Kit LaCroix credits two things with her recovery from a psychological breakdown that became the bleakest chapter of her life: the steady love of Bennett Mace and the rise of the Occupy movement.
LaCroix had been happy in Chicago, where she failed to finish art school but found work waiting tables in a pub. She tamed the social anxiety that first appeared during college and relished the banter with customers as much as the solitude of her studio apartment. Then the recession hit, her tips dried up and for two months in a row she couldn’t make rent.
Reluctantly, LaCroix moved home to Fairfax City to live with her parents in early 2009. She took a job doing customer service for a government contractor but was largely friendless and bored. So she began popping into the Auld Shabeen, a bar near her childhood home, and quickly became acquainted with the other regulars.
Among them was Mace, a bearded, gravelly voiced man who grew up in the Netherlands, worked at Starbucks and seemed to know everything about everything. One night LaCroix showed up with a historical fiction book about Medieval Wales and Mace began expounding on the events of the period.She felt as if she were listening to a nutty professor. “He was like a stocking on Christmas morning,” she says. “Like, ‘There’s all sorts of weird stuff down here — let’s see what we got.’ ”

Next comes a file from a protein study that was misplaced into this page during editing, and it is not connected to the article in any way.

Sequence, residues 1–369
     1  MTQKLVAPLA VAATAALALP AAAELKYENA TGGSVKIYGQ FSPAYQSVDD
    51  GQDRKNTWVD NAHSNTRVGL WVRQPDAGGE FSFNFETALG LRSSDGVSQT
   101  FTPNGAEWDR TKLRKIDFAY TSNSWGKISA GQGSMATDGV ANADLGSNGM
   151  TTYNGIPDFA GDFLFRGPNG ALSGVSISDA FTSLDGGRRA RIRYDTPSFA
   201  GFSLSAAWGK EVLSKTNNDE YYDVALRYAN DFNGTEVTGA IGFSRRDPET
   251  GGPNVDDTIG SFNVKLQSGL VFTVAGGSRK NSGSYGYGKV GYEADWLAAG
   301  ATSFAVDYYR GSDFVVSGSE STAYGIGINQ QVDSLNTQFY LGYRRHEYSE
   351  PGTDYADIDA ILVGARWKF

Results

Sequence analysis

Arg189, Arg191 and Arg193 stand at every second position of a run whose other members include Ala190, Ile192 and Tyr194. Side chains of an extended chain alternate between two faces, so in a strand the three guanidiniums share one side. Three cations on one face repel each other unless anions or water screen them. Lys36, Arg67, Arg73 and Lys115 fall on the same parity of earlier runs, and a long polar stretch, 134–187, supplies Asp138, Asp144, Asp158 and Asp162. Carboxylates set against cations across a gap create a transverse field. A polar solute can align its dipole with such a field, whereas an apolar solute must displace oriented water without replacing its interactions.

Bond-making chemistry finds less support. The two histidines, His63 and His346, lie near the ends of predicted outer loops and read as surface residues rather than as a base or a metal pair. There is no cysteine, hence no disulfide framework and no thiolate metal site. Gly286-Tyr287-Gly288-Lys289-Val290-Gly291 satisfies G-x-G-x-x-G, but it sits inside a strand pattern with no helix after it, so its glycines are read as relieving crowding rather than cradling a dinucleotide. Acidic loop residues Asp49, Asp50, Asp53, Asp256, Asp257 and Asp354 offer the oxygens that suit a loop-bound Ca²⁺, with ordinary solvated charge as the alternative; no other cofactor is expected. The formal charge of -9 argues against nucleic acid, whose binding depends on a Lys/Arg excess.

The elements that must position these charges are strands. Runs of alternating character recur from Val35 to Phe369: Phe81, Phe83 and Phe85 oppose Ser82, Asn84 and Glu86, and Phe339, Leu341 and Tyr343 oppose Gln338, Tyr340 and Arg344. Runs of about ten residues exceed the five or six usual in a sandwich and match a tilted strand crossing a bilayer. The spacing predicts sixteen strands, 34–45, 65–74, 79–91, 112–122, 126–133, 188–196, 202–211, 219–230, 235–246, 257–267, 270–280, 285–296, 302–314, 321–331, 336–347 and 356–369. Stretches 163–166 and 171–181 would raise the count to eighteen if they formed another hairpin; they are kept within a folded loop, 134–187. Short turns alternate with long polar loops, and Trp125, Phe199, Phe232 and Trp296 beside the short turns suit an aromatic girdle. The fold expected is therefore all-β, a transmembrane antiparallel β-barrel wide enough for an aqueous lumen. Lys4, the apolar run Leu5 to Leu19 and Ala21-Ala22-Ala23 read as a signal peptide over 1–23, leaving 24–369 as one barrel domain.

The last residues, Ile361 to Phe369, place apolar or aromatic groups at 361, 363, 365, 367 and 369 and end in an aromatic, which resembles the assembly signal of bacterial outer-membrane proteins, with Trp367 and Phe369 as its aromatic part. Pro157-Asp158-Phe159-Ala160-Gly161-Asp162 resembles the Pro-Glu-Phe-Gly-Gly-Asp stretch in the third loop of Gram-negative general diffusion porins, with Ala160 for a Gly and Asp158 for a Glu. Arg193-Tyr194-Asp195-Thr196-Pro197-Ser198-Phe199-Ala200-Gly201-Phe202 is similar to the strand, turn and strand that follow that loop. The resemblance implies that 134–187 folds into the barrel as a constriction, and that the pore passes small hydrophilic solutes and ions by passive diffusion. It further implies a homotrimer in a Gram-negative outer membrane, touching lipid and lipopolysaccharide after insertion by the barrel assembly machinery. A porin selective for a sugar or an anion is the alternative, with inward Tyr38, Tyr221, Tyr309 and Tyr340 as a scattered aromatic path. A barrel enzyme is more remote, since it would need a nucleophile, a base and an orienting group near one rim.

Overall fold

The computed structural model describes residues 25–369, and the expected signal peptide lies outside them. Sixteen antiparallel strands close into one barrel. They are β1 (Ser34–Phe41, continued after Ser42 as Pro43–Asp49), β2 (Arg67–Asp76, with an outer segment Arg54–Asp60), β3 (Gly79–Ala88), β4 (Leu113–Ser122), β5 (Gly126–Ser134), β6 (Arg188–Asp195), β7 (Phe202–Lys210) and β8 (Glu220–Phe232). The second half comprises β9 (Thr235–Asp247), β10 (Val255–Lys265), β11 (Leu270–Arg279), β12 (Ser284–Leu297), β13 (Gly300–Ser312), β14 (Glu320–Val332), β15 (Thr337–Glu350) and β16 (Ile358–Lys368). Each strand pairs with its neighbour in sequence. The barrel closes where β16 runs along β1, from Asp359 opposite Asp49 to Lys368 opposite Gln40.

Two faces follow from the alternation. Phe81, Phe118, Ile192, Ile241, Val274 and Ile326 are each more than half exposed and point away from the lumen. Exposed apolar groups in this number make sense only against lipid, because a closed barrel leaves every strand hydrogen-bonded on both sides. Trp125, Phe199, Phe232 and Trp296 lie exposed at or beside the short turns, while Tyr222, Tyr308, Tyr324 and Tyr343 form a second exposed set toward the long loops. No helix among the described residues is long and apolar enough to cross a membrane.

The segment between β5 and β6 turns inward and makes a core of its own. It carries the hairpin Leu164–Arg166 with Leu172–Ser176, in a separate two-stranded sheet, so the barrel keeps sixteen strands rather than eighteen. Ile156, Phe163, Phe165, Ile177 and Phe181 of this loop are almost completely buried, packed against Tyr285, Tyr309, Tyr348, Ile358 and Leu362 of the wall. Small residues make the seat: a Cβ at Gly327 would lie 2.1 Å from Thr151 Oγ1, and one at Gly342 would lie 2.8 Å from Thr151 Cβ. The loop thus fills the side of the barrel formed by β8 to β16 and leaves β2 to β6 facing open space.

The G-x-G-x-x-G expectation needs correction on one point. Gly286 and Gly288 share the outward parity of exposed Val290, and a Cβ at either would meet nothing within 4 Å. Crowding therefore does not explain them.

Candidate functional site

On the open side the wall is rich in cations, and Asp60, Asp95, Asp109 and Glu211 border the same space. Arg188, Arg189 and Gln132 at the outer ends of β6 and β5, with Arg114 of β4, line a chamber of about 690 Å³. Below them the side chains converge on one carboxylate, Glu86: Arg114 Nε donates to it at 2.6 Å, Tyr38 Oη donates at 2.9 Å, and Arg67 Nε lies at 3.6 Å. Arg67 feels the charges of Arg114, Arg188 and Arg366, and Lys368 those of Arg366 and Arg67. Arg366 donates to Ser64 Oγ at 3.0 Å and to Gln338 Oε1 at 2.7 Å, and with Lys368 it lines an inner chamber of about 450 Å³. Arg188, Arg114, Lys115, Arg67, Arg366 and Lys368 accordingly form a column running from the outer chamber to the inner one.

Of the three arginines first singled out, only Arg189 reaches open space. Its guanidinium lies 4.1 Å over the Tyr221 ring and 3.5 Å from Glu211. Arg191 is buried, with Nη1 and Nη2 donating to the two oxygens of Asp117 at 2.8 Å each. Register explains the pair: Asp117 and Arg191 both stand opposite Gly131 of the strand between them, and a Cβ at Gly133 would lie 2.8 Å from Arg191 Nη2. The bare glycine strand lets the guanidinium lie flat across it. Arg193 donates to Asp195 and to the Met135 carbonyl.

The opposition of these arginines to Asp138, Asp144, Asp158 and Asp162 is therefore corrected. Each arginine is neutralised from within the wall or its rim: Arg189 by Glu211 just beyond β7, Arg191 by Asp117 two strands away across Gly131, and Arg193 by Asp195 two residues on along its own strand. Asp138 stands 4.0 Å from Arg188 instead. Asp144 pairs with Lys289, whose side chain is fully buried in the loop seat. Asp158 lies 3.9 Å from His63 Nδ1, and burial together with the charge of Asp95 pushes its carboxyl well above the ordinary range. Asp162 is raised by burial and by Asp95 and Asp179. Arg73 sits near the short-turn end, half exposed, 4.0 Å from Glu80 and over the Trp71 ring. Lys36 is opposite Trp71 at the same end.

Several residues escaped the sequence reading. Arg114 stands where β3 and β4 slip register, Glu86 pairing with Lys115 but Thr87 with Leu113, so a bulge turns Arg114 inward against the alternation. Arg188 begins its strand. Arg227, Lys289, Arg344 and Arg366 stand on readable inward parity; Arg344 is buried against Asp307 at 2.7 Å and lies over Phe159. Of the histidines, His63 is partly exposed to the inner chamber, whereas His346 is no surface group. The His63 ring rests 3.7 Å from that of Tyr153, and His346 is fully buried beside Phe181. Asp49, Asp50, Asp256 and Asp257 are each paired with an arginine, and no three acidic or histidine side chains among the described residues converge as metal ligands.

He told her that he grew up with Asperger’s syndrome, which led to difficulty reading social nuances, that he’d had a major depressive episode during high school and that, until recently, he’d spent a lot of time feeling bitter about things that had gone wrong. Now he was trying to focus on what could still go right.
When he found out it was LaCroix’s birthday, he suggested they meet at the bar. By the end of the night, they were making out in the parking lot of her old elementary school. The next weekend he asked her on a date to Summers, a soccer bar in Arlington. She didn’t go home for two days. “There was just all sorts of driving and philosophizing and killing of the time,” she says. “And it just flew by.”
“I immediately understood that she didn’t have as high an opinion of herself as she deserved to have,” he recalls. “I was very taken aback by her intellect, by her social instinct.”
LaCroix loved to listen to Mace and found him greatly calming, but she resisted the idea of a relationship. In the past, men had fallen for her free spirit but then tried to change it. For much of the next year they floated along nebulously, spending most of their time together but refusing the labels “boyfriend” and “girlfriend.”
But in May 2010, Mace grew frustrated with his work at Starbucks. They began to talk about marriage. If they were married, they realized, she could add him to her health-care plan and he could quit his job. “We were like, ‘This really makes a lot of sense,” she says. “Of all the people I’ve ever known, this is the person who I would love to be 70 years old with, sitting on a Barcalounger hearing history unfold around us.”